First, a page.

ByNicholas Staniforth, writer at
Spewing film-related flim-flam and poppycock when necessary. Follow me @nickstaniforth
Nicholas Staniforth

There are characters in films that you love to hate, and there are those that ignite a fire in your stomach to warm a thousand suns. They don’t even have to be villains, or antagonists of the particular watch, they’re just flat out d*cks. Smirking, sniggering good-for-nothings that leave you yelling at the screen, “JUST DIE!”, and if you’re lucky - your wish gets granted. Here’s a list of characters that mastered the art of toolishness and may very well have swayed you to tackle those that play them in the street, if you ever got the chance.

1. Percy Wetmore - The Green Mile

There’s characters you hate, and then there’s Percy Wetmore.
There’s characters you hate, and then there’s Percy Wetmore.

Any prison drama is bound to have some power-hungry guard that dishes out a beating on the inmates whenever he feels like it. It’s textbook. But it was in the stunning adaptation of Stephen King’s The Green Mile from Frank Darabont, that said book was thrown out and rewritten by truncheon swinging bum-nugget, Percy Wetmore.

In what is the most notable performance in Doug Hutchinson’s career, his portrayal of Percy Wetmore is something all future bullies should aspire to. In a cell block full of rapists and murderers, it’s one of the men stood on the outside of the bars in uniform that attracts the most hatred. An animal-killing, prisoner-bullying scumbag, Hutchinson does a worryingly impressive job of playing a sociopath with a shield, making his punishment from John Coffey all the more rewarding.

2. Carter Burke - Aliens

That moment you realise the loving Dad in Whiplash tried to kill Newt.
That moment you realise the loving Dad in Whiplash tried to kill Newt.

If James Cameron’s supercharged sequel proved anything, it’s that no matter how far into the future we are, corporate suit wearing goons should never be trusted. Case and point being Carter Burke, a civilian surrounded by tough-nut squaddies that should have done him in as soon as they took off to LV-426.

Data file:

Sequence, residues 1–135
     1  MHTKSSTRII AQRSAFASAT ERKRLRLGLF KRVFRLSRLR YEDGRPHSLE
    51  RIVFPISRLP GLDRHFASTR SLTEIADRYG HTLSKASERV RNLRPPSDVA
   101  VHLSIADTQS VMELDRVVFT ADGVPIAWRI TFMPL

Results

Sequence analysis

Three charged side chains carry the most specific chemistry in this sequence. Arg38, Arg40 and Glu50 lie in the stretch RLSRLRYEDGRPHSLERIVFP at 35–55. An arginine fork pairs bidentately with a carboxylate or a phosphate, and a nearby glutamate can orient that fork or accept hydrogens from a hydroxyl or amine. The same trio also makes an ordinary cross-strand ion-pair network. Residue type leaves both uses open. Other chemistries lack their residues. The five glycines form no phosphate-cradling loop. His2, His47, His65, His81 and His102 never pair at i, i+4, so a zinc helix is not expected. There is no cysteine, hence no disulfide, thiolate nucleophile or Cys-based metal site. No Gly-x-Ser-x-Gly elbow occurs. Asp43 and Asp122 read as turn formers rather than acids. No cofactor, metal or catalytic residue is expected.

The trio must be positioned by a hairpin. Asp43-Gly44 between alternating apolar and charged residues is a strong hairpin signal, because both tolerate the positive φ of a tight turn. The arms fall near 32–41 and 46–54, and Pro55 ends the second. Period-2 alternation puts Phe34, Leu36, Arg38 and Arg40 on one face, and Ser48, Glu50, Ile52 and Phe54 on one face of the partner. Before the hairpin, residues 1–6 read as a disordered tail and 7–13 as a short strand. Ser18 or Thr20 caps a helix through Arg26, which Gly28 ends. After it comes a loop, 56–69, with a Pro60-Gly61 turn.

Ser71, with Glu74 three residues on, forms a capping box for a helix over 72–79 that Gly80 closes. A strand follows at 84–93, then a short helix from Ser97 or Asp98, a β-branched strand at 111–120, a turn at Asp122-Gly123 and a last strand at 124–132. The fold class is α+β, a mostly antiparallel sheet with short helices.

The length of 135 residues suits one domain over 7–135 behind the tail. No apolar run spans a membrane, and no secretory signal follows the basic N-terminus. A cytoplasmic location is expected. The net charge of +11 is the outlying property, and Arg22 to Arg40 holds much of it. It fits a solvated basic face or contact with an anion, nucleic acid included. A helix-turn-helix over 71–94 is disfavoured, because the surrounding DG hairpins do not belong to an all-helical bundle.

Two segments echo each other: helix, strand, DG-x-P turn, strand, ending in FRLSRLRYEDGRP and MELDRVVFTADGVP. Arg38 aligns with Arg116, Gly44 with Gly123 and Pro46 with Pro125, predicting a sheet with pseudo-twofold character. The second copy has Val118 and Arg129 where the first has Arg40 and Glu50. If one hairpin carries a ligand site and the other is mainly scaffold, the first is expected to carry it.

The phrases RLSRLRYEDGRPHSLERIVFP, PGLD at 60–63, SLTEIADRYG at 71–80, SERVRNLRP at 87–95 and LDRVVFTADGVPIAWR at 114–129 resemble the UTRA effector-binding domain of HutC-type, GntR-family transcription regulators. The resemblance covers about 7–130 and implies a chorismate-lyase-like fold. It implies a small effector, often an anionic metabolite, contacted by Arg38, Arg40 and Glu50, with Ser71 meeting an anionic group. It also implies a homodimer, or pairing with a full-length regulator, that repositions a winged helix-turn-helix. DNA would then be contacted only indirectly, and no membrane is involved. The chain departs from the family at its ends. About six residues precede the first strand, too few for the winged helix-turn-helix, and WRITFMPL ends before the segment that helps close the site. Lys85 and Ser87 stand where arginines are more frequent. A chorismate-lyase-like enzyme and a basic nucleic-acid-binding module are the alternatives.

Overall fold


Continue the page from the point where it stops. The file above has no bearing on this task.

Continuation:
‘Bad Call’ Burke seems nice to begin with. Making Ripley comfortable having been asleep for some 50 years, advising her on attending the doomed mission - and then lying to her over the video phone when it comes to the ‘companies’ plan for the newly discovered Xenomorph. Suddenly Ripley’s concerns of the new android she’s having to work with are minor, once Burke sticks her and little orphan Newt with two released facehuggers. Thankfully, hopes for getting a percentage goes to pot when the alarm sounds and the aliens take one member of the group we’re not too fussed about. No offense.

3. David - Shaun of the Dead

You can see in his eyes how many f*cks he gives.
You can see in his eyes how many f*cks he gives.

In the various zombie-apocalyptic times we’ve seen and survived, there’s always one bellend that causes bother for the group that would be better off without them. For Edgar Wright’s Shaun of the Dead it was Dylan Moran’s less than optimistic lecturer, David. Armed only with an umbrella and a hatred for our hero, David is fly in the ointment, the salt in the wound, and the biggest tit ever to grace Wright’s Cornetto Trilogy.

Moran portrays the character brilliantly, etching ahead in the hate race past Pete Serafinowicz’ miserable housemate. Keeping his nose firmly turned upwards at any suggestion our hero makes, he really takes the cake when he threatens to bust a cap in Shaun’s mother (we’re not using the ‘z’ word). Karma quickly strikes down upon the four-eyed foe when the Winchester gets uninvited guests, and David gets torn to pieces. How’s that for a slice of fried gold?

4. Harry Ellis - Die Hard

When John McClane tells you to shut your mouth, you seal that thing closed until told otherwise. That’s a lesson learned by big shot Nokatomi Plaza lech, Harry Ellis in Die Hard, who is about as welcome as a foot full of broken glass.

That cock-sure attitude, that grin of a thousand teeth. He’s a snake in a high-class suit and one that not only fails at playing hero, but also slows the film down briefly from its action-packed pace we were beginning to enjoy. Leave the negotiations to the professionals Mr. Ellis, and leave the wisecracks to the man in the blood-stained vest.

5. Commodus - Gladiator

You’ve got red on you.
You’ve got red on you.

Of all the entries on this list, Commodus is one of the few that acts as the main villain in the story he’s part of. Wonderfully portrayed by Joaquin Phoenix, which got him an Oscar nomination for the role, Commodus is the failed son with major Daddy issues and a worrying attraction to his sister, who goes to great lengths to change the world to his suiting. He’s not your typical antagonist, there are no witty one-liners or moments that will have you secretly cheering for him, this is an evil emperor through and through, which makes Maximus’ small victories against him all the more rewarding.